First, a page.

Plant Life

 In the fall of 2000, I picked up a half-price pink lily at Russells Garden Center and stuck it in the pond. It actually overwintered in a rubbermaid container in the basement. By the end of the winter, the water was pretty disgusting -- but all the plants in it were trying to escape.

LilyThis is Nymphaea Gladstonia (which we bought purely because of the name) that lives in the bottom pond. It is pretty vigorous and is now putting up two or three flowers each day.

I moved the pink lily into the bottom pond -- I am running out of space. So far (June 2001) it has put up one mondo flower. The curious effect in the background is a reflection of the net that covers the pond (to keep out the herons). This flower is much more impressive than the other two lillies -- maybe my cost cutting has caught up with me!

This is the generic red lily that came from Home Depot. It works, but the flowers are nothing like the glories of the pink one. I may have to do some upgrading -- though I would be rather disheartened to throw out a perfectly good plant.

Because I am cheap, I buy plants at the end-of-season sales. This came from Russells Garden Center, and was originally quite expensive. It worked quite well, but I really don't have enough room to let it grow as much as it wants. It lives in the top pond, and as such, gets infested with aphids. This year (2002), I'm not feeding the top pond fish in an effort to encourage them to eat the bugs. After two months, it seems to be working, though I feel a little guilty about their slow rate of growth.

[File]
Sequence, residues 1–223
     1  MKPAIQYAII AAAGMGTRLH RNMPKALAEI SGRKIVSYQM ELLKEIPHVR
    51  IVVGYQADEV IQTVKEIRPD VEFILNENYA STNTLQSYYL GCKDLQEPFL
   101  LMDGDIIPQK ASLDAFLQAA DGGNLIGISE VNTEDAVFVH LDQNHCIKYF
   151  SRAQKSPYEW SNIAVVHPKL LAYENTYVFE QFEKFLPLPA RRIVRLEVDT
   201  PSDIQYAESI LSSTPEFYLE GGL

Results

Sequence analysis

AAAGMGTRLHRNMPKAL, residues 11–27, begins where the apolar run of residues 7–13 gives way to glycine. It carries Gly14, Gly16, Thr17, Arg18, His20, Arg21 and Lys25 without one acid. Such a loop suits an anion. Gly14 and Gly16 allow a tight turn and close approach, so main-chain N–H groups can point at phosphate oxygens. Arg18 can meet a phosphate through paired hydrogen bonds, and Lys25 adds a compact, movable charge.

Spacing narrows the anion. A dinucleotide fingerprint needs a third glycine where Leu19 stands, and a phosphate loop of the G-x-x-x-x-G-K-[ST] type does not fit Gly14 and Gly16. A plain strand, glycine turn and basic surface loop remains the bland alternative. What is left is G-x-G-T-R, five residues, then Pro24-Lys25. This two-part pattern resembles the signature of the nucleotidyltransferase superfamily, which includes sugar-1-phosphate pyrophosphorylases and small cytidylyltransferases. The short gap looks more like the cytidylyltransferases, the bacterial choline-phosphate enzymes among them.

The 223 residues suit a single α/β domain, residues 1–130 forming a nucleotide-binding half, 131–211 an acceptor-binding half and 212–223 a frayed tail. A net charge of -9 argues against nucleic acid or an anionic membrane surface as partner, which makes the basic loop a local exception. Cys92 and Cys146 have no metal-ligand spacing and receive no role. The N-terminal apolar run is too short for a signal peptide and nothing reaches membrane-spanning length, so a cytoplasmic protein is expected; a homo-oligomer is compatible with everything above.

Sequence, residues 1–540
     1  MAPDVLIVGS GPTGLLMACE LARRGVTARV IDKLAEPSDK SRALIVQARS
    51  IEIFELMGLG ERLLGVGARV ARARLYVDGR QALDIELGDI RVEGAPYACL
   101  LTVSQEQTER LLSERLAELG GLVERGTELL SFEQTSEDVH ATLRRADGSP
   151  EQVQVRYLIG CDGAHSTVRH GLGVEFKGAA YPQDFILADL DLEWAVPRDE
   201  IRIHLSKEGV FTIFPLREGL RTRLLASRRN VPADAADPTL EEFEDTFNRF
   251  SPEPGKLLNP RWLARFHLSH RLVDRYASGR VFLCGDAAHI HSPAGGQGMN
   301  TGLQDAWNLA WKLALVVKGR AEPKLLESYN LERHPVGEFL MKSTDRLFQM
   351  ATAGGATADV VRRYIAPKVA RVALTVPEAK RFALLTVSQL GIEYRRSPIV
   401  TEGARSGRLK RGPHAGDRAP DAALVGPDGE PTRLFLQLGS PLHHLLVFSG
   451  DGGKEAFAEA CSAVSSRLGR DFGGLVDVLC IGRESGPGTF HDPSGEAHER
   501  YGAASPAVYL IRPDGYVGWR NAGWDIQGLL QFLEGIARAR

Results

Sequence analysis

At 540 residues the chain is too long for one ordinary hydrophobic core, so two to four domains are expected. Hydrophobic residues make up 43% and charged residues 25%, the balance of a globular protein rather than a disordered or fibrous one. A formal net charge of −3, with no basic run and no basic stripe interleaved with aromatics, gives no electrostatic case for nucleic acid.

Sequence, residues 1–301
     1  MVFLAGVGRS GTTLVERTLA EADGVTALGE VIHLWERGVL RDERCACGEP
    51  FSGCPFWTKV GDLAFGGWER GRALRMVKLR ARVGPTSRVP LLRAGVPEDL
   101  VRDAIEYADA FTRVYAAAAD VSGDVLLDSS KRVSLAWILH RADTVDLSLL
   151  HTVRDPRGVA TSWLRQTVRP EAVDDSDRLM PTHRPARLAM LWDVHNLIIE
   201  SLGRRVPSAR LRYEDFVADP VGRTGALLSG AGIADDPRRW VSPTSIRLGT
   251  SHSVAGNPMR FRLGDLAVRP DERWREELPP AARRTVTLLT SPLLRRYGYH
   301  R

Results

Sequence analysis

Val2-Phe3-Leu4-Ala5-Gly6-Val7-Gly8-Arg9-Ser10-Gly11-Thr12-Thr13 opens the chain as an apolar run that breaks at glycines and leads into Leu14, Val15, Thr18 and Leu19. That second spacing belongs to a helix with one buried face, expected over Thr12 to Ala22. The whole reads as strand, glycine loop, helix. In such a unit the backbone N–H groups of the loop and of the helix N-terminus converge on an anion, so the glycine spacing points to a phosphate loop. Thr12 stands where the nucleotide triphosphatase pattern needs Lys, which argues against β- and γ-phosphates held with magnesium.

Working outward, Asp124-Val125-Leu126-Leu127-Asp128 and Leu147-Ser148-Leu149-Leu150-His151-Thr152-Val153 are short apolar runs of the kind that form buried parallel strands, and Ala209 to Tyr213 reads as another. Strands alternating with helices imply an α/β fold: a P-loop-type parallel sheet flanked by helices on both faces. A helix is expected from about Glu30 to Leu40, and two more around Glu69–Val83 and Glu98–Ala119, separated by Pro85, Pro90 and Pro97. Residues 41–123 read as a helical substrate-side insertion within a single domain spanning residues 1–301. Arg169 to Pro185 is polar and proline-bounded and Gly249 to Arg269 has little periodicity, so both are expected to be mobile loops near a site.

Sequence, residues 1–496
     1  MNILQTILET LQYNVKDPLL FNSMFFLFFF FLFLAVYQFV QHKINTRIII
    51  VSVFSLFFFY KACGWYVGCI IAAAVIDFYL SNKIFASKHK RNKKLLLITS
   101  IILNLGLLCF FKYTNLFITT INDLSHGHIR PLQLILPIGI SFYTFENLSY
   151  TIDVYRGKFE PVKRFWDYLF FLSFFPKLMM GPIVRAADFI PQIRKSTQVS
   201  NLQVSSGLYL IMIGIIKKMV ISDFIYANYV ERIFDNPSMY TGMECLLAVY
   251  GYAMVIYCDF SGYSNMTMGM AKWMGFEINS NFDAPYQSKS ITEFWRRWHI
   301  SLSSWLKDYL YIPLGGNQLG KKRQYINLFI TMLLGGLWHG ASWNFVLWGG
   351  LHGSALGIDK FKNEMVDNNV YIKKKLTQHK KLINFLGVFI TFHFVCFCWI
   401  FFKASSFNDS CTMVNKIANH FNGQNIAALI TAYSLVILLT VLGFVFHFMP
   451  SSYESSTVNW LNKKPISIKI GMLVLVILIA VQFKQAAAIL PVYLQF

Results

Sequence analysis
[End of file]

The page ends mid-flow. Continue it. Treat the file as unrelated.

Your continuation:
The yellow flag iris bloomed for the first time this year. I bought it in the spring of 2000, but it never flowered. I split it into three plants, and each of them is doing really well. In fact, I have already split one of the these again and given one plant to a fellow ponder across the street who is just starting up.

I guess that they are pretty hardy and difficult to kill!

The cattail is doing explosively well. It has grown from one rather measly-looking plant in 2000 to three pots full in 2001. Also it is blooming. The problem is that it keeps blowing over in the wind. I tried putting rocks in the bottom of the pots, but it is so tall (maybe five feet) that the wind just knocks it straight over. Have you any suggestions?

The water hyacinths are growing like anything this year. They are even blooming -- something that I have not achieved before. Maybe I throw them out too quickly.

The lotus has put up a bunch of aerial leaves, but no flowers as of yet. Last year it never flowered, but it did stick a root out of it's pot and into another pot. That new pot has got five surface leaves growing out of it. I'm hopeful that it may turn into a real, working, lotus this year. Time will tell.

I got one flower in 2002. It put up three buds, but only one turned into a real flower. Unfortunately we went on vacation on the day that it came out. A heavy rainstorm then knocked the petals off (according to a neighbor who was taking care of the fish).

The dwarf bamboo didn't do much last year -- maybe it will do more this year -- although I'm not sure what it is supposed to do! The foliage is nice and green, but I am hoping for more.

I visited the New England Wildflower Society's annual plant sale at the Garden in the Woods this year. I picked up several bog plants that I have since planted in pots, but kept the soil surface out of the water.

I'll add more photographs when the plants begin to do something exciting (the first two only have pictures so far).

Other plants include: arrowhead plant, some zebra rush, thalia dealbata, butomus umbellatus, horse tail?, chameleon plant, and some water celery.

There is an assortment of some floating stuff -- Azola (in the middle) and some other stuff that I haven't identified.

Some of these plants came from Hardwicke Gardens in Westboro on Route 9. They seem friendly and knowledgeable, and they specialize in water plants.

Last updated: June 19, 2001
Philip Gladstone